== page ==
Europhile defined by bitter rift with Thatcher

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Indy Politics

Not many Prime Ministers genuinely change the course of history. In his relatively brief spell in Downing Street, Sir Edward did so by taking Britain into the then six-nation Common Market on January 1, 1973.

While he was still alive, he was remembered for his spectacular failure ­ the ill-fated "who governs Britain?" election he called in February 1974 to try to mobilise public support against militant trade unionism. He lost, and his political fortunes never recovered.

Last night, friends hoped history would be kinder to him and that he would be remembered for his success on Europe. "It was a very personal achievement of Ted which changed the direction of this country," recalled Lord Hurd, the former Foreign Secretary who served as Sir Edward's political secretary.

After British entry to the Common Market had been blocked by France's General de Gaulle, Sir Edward made it his mission to get his successor George Pompidou to drop the French veto. He courted the French President, sometimes negotiating without officials present in the garden of the Elysée Palace in Paris. "It was an exercise in persuasion, one man persuading another through force of character and knowledge," Lord Hurd recalled.

The crucial 1971 Commons vote on entry was was won with a majority of more than 100. "What we have got to do is to get rid of the idea of us and them, and work together," he said .

It was one of Sir Edward's proudest moments, ranking alongside his surprise election win against his long-running rival Harold Wilson in 1970. The public ratified the Europe decision by a margin of two-to-one when Wilson, back in power, held a referendum in 1975.

In the same year, Sir Edward was ousted by Margaret Thatcher as Tory leader in a humiliating defeat in the first ballot. He refused to serve in her frontbench team and begun what has been described as the "longest sulk in history" and led to him being dubbed "the incredible sulk".

In 1992 he suggested rather optimistically in a television interview that Lady Thatcher would be no more than a footnote in history. He attacked her "rabid and bigoted" warnings about German domination, said she had "a minute mind", was ignorant and told lies about Europe as she conducted "foghorn diplomacy" with Brussels.

Lord Tebbit, the Thatcherite former Tory chairman, said he found a woman replacing him as party leader "particularly cruel" and that marrying might have benefited his career. "I think if he had married, and it was possible at one stage, he might have been a much better politician," he said.

Friends deny Sir Edward was a misogynist. They insist his criticism of his successor was more than just personal pique, that he was genuinely worried about his party's dangerous drift towards Euroscepticism and away from the "One Nation" version of moderate Toryism he espoused ­ again, heavily influenced by the 1930s and the unemployment seen in Britain.

The irony is that, despite their feud, the instincts of Sir Edward and Lady Thatcher were remarkably similar. Key elements of the plans to curb trade union power he published in 1971 were implemented in a step-by-step basis by Lady Thatcher. She got the credit, although she acknowledged his role in setting the right agenda in her warm tribute last night.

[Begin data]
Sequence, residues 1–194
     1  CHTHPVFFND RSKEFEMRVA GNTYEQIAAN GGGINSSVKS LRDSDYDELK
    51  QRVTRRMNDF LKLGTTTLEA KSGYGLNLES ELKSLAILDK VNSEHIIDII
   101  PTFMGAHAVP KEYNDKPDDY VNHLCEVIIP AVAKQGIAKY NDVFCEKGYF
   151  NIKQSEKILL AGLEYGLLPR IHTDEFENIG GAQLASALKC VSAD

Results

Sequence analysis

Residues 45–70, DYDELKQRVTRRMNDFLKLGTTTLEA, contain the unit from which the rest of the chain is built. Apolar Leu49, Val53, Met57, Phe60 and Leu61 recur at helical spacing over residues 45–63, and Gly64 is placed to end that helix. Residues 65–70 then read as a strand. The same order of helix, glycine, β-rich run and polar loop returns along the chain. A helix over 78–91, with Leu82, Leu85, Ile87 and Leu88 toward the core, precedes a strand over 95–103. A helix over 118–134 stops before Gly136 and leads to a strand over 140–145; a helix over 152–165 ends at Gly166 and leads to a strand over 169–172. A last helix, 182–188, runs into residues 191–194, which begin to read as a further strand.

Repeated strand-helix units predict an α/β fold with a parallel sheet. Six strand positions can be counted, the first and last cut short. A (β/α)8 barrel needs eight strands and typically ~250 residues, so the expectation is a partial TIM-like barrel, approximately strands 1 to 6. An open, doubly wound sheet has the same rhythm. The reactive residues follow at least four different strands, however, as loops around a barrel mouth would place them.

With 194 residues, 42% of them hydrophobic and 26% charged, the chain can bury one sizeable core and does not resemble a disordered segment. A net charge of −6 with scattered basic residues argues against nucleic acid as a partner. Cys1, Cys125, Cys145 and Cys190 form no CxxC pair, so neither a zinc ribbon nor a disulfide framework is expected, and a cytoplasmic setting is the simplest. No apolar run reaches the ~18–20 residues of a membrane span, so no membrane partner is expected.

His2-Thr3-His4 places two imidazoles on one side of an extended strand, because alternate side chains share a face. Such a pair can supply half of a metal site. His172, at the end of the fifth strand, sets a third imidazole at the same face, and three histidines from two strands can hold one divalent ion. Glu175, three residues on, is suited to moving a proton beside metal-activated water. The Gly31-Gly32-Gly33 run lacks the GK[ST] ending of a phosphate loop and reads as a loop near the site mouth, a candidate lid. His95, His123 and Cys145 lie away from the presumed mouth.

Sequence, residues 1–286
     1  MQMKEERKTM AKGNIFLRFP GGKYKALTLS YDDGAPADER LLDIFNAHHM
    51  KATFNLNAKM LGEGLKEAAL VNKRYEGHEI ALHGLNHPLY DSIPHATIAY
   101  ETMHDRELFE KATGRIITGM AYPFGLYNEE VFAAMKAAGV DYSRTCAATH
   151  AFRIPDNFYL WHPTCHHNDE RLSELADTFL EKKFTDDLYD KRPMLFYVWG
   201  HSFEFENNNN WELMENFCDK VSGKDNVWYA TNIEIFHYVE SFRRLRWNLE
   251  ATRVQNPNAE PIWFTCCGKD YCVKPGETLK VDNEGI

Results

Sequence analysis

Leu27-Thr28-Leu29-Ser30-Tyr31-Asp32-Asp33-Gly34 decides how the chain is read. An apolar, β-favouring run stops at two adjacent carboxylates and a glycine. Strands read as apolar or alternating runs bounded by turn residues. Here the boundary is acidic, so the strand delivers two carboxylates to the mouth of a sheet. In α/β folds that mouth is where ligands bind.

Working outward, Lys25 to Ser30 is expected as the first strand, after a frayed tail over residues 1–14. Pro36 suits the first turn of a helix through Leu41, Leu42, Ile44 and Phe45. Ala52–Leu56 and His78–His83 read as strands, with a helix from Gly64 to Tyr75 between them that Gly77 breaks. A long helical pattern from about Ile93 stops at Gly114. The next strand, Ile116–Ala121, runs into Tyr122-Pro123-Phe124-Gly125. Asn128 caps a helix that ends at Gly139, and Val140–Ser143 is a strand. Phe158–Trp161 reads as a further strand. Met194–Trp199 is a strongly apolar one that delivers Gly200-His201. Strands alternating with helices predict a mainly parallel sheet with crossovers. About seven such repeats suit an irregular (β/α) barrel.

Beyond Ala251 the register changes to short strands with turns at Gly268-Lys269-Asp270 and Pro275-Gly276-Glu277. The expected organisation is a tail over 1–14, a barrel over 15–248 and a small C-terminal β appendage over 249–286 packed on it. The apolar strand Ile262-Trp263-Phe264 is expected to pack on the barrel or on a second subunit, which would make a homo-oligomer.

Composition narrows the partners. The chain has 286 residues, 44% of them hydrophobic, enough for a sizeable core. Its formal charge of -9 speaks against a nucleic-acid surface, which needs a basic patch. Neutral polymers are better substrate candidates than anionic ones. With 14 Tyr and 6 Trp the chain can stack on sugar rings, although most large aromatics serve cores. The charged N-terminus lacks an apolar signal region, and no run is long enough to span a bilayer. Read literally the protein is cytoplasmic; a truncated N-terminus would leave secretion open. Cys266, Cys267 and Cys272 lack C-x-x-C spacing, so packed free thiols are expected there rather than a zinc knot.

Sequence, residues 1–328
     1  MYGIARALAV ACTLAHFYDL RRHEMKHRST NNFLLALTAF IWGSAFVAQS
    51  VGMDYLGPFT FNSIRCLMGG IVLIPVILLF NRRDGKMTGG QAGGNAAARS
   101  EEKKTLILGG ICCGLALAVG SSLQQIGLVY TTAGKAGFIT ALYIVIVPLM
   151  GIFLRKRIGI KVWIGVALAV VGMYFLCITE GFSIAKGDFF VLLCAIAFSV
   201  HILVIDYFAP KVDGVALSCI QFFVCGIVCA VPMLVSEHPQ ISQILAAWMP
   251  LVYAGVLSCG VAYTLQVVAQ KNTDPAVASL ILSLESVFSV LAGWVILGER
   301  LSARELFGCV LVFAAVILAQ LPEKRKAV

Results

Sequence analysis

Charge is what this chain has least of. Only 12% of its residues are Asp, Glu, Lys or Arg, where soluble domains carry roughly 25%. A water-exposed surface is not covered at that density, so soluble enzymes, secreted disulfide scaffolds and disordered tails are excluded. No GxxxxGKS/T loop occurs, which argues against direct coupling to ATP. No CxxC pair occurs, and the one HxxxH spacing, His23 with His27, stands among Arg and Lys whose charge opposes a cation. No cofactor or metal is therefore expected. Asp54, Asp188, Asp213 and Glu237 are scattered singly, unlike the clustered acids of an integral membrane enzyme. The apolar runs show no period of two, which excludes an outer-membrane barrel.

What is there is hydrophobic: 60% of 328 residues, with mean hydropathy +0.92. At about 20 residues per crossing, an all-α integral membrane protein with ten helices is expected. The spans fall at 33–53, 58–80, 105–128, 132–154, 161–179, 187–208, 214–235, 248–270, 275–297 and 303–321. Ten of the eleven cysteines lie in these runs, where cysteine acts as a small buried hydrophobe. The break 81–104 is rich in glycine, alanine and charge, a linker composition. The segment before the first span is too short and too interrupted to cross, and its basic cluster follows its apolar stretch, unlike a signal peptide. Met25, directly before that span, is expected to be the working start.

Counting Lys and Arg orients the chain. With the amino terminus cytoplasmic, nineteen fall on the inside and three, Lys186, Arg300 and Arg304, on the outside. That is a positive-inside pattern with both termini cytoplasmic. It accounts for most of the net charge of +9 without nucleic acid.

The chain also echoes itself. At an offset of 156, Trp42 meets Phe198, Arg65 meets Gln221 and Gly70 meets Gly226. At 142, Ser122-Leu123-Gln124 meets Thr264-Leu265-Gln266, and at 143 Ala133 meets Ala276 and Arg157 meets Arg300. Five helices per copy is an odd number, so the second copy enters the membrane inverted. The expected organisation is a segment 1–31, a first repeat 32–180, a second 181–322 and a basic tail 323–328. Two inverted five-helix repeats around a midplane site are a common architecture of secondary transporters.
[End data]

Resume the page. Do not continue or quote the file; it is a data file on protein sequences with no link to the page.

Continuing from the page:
Lord Baker, a former Tory Home Secretary, said: "His prolonged sulk was a pity really because he had a lot to give. From 1974 onwards he was more respected outside Britain than inside Britain."

He fostered close links with China and Japan. He struck out on his own, notably in the first Gulf War when he went on a humanitarian mission to Iraq and pleaded with Saddam Hussein for the release of sick and elderly British hostages. His returned with 33.

Sir Edward was often seen as grumpy and aloof. After losing an election within a year of becoming Tory leader in 1965 to the more populist Wilson, his aides decided the lonely, rather distant bachelor needed a makeover. They found one in sailing. Sir Edward transformed himself, in his late forties, into a world-class yachtsman. He was also loved music. Friends and colleagues saw another side to the public image ­ a witty man who was good company.

"He did not suffer fools gladly. But if you were entertained by him at his home in Salisbury, he was a very different man," said Lord Heseltine, the former Deputy Prime Minister. He said Sir Edward was regarded as a "hero" to his generation, the first of a new breed as the son of a builder and a mother who did domestic service.

It was an open secret that Sir Edward stayed on as MP for Bexley for so long because he wanted to "see off" Lady Thatcher. He rejected pleas from friends who urged him to take it easy with a seat in the Lords, a club he refused to join and regarded with contempt. He became Father of the House, the longest continuously-serving MP, in 1992, the year he was knighted. He was the oldest member of the Commons when he finally stood down.

He would not have shed any tears when Lady Thatcher, in turn, was ousted in a palace coup in 1990. Even after she departed the Commons in 1992, he stayed on for another nine years, as if to emphasise that he had outlasted her in the place that mattered most.

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